Businesses used to complain that Gen Y workers were entitled, lazy, in need of continuous oversight and unwilling to let work interfere with their personal lives. That was then, but much has changed as a result of one of the worst recessions in history. Today’s Gen Y worker has experienced first hand the challenges of finding work in a tough economy. Most are grateful to be employed. Their demands have diminished as their abilities have accelerated.

Some of the many positive attributes of Gen Y

Strong collaborators. Gen Y workers are accustomed to working in groups and having their voices heard. They blossom in environments where collaboration is the rule, rather than the exception. This is a group that plays well with others, particularly when the team is working towards a common goal. Keep this in mind as you look at ways to best reach this generation of consumers, as your own Gen Y employees may have the answers you seek.

Technology Whizzes. This generation was born with technology in their hands. Their ability to swiftly maneuver around new software and hardware is simply amazing. As a group, they are open to teaching those less skilled how to utilize technology. Consider this before outsourcing technical support for your guests or hiring outside firms to create social media campaigns for your brand. Most likely you have a team of technical and social media experts waiting for you to call.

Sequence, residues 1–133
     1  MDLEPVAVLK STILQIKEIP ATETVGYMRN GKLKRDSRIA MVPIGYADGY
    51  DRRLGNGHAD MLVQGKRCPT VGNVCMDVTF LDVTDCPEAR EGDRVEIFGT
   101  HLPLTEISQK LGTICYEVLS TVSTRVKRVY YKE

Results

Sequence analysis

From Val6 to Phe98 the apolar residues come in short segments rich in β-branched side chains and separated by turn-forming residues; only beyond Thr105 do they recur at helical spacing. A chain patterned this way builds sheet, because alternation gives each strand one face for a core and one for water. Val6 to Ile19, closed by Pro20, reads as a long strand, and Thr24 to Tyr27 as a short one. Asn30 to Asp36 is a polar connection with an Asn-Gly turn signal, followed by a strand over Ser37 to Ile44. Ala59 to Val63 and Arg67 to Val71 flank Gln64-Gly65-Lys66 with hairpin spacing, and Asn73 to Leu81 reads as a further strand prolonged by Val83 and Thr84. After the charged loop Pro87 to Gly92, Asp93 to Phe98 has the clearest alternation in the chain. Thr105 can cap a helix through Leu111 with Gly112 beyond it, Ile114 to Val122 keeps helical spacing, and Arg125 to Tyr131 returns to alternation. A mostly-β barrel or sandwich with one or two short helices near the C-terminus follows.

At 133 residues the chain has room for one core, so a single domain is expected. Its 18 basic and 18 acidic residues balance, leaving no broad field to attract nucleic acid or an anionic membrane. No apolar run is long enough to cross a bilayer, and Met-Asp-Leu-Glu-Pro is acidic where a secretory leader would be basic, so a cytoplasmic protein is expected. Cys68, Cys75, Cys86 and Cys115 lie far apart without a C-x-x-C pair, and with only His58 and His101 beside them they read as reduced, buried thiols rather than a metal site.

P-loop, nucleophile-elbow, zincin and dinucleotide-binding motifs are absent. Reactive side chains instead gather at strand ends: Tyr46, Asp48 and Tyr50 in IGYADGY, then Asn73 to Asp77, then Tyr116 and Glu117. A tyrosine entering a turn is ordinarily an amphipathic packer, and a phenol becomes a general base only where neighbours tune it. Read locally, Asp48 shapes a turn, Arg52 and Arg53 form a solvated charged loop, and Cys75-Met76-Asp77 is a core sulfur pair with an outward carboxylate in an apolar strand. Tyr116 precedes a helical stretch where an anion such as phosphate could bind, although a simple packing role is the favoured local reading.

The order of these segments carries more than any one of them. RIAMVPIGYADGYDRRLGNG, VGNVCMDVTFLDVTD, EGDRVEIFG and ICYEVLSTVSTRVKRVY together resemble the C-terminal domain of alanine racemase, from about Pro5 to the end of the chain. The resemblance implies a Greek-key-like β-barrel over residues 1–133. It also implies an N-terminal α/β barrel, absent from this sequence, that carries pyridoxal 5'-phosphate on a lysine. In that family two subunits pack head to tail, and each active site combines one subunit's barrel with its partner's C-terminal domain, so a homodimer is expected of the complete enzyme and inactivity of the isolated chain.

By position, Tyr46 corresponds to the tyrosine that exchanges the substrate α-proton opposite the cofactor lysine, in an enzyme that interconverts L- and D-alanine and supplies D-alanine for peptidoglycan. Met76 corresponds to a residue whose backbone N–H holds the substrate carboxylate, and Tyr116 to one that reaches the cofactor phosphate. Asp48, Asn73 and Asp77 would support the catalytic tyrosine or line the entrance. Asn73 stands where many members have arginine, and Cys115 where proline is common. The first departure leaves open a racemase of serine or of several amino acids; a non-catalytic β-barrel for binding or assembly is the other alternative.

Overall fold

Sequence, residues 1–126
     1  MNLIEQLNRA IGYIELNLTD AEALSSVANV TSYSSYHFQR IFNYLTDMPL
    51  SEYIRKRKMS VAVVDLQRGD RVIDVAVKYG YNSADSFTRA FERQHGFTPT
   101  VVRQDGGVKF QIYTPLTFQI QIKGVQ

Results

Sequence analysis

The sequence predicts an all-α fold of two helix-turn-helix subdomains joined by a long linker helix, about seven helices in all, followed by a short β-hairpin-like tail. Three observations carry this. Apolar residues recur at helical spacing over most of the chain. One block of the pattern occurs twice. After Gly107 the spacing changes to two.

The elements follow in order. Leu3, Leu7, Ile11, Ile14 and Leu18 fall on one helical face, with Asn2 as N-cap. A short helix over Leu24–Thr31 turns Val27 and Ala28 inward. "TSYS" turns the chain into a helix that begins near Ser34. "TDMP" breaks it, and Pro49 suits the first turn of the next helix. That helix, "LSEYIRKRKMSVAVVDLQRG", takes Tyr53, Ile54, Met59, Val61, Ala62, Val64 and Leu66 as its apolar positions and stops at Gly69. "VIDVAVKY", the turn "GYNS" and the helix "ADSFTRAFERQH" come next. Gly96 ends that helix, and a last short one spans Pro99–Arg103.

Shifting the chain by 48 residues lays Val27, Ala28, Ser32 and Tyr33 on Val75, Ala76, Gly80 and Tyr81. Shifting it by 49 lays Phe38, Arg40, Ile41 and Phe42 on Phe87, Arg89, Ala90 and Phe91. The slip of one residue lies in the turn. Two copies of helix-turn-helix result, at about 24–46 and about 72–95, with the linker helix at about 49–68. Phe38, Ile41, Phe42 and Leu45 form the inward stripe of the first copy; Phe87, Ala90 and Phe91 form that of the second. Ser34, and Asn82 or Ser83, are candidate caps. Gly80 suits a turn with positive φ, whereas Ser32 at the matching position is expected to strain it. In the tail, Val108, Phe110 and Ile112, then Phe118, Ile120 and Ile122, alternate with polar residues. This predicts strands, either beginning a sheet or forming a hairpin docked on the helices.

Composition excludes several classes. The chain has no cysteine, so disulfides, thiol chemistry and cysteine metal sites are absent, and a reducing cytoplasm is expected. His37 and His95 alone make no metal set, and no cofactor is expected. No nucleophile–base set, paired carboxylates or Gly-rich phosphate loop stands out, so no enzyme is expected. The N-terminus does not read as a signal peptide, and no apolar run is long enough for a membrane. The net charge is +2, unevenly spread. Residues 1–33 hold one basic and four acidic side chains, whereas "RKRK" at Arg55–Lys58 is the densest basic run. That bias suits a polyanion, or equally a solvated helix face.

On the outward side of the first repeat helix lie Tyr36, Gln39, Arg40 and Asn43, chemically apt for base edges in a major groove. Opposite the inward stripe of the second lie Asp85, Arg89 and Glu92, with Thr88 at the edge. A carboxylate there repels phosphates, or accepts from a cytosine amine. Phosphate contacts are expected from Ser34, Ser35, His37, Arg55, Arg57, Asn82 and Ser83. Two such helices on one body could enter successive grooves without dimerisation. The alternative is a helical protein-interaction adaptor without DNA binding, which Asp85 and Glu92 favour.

Questions the status quo. If you’ve worked with Gen Y, you may already be accustomed to hearing, "Why are things done this way?" a lot. Is that necessarily a bad thing? Not if you are interested in improving your organization. This generation is constantly challenging the status quo. Encourage them to continue to challenge how things get done, and change the way you do things when a good idea is presented.

Civic Minded. Green is more than peas in a vegetable medley to this generation. Gen Y is saving the world, one recycled box at a time. Organizations whose missions include making the world a better place have no problems attracting and retaining this sector of the workforce. “Green” is definitely the color of choice of Gen Y workers and consumers. Solicit this group’s input as you look at ways to “green” up your hotels.